During the 1996 election cycle, candidates for public office began to use the Internet as a campaign tool (Browning 1996; Casey 1996; Rash 1997). As Internet use grew among the general population, it was reasonable to expect that the 1998 election cycle would see increased use of this new medium by political candidates, and new methods and techniques developed to exploit its capabilities.
In increasing numbers, House and Senate candidates campaigned along the information superhighway in 1998. While very few candidates had web sites in previous elections (Browning 1996), by October 1998 more than two-thirds of the candidates for U.S. Senate and for U.S. House open seats had established web sites. In the past, candidate web sites were little more than digital yard signs (Casey 1996). In 1998, candidates made use of their sites to solicit small-dollar contributions however better, particularly by using them.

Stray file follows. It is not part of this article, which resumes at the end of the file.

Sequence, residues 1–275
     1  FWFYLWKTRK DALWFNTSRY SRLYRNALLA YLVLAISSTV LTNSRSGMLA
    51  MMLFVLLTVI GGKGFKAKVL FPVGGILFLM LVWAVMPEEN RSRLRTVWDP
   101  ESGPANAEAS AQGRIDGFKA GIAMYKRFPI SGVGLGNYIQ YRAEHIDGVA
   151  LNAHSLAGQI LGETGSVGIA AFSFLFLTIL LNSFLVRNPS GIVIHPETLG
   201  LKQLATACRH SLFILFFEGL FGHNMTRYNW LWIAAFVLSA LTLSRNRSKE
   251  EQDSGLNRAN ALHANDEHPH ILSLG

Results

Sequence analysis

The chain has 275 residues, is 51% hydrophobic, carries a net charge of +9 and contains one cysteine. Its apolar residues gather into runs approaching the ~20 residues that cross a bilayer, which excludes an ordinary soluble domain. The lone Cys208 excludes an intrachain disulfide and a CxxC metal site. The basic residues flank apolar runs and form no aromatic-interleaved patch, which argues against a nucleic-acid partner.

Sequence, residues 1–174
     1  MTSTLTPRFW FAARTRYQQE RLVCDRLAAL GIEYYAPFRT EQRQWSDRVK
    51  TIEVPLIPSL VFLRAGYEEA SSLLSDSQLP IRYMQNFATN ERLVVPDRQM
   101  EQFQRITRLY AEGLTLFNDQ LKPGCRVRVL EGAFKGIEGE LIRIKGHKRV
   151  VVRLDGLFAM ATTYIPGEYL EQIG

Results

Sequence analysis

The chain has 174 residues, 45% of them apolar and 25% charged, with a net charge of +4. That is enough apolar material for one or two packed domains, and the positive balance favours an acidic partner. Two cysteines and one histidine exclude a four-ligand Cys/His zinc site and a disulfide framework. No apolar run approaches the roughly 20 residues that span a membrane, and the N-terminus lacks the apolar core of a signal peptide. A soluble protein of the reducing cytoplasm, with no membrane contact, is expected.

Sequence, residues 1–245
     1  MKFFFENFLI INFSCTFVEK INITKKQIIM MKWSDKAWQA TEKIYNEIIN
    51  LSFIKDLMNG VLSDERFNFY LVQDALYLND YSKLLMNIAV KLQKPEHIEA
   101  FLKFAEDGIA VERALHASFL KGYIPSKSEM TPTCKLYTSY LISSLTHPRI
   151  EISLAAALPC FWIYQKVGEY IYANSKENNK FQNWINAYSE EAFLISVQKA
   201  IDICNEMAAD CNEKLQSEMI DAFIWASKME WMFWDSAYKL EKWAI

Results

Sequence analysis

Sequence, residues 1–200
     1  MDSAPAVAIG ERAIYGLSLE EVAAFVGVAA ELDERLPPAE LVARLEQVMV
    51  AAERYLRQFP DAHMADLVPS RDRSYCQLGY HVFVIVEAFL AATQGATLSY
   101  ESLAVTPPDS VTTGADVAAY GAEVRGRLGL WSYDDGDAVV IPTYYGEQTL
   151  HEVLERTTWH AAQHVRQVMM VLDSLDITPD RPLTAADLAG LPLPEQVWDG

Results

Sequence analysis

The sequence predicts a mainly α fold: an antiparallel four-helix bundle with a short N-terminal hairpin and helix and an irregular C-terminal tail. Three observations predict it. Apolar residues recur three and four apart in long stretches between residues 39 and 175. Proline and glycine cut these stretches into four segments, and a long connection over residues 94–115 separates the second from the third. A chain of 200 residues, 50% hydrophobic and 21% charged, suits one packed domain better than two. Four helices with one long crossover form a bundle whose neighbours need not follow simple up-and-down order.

Like it or not, the Internet is now a campaign tool that many campaigns employ. Therefore, we believe the manner in which it is used needs to be investigated. In this article we pay particular attention to candidates' solicitation of campaign contributions over the Internet. Our analysis is mostly descriptive as we try to summarize the Internet activity of candidates in a sample of Senate and House races during 1998.